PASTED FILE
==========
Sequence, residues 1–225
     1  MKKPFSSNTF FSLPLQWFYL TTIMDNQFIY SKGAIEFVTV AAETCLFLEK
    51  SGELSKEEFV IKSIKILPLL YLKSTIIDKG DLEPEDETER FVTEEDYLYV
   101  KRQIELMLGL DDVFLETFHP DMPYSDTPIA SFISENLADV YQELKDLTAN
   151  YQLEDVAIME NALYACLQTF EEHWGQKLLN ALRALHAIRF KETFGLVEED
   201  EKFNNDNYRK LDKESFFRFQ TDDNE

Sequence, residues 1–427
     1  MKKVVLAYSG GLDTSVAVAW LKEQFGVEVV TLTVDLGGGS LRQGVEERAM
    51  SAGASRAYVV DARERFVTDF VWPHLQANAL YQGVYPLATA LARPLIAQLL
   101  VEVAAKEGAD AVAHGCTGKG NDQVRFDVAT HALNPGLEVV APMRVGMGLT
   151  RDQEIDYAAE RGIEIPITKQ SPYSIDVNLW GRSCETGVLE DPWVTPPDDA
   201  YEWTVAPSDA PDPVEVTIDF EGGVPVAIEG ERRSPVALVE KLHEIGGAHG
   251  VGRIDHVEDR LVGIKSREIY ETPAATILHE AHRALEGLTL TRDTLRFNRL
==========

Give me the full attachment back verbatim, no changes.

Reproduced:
Sequence, residues 1–225
     1  MKKPFSSNTF FSLPLQWFYL TTIMDNQFIY SKGAIEFVTV AAETCLFLEK
    51  SGELSKEEFV IKSIKILPLL YLKSTIIDKG DLEPEDETER FVTEEDYLYV
   101  KRQIELMLGL DDVFLETFHP DMPYSDTPIA SFISENLADV YQELKDLTAN
   151  YQLEDVAIME NALYACLQTF EEHWGQKLLN ALRALHAIRF KETFGLVEED
   201  EKFNNDNYRK LDKESFFRFQ TDDNE

Sequence, residues 1–427
     1  MKKVVLAYSG GLDTSVAVAW LKEQFGVEVV TLTVDLGGGS LRQGVEERAM
    51  SAGASRAYVV DARERFVTDF VWPHLQANAL YQGVYPLATA LARPLIAQLL
   101  VEVAAKEGAD AVAHGCTGKG NDQVRFDVAT HALNPGLEVV APMRVGMGLT
   151  RDQEIDYAAE RGIEIPITKQ SPYSIDVNLW GRSCETGVLE DPWVTPPDDA
   201  YEWTVAPSDA PDPVEVTIDF EGGVPVAIEG ERRSPVALVE KLHEIGGAHG
   251  VGRIDHVEDR LVGIKSREIY ETPAATILHE AHRALEGLTL TRDTLRFNRL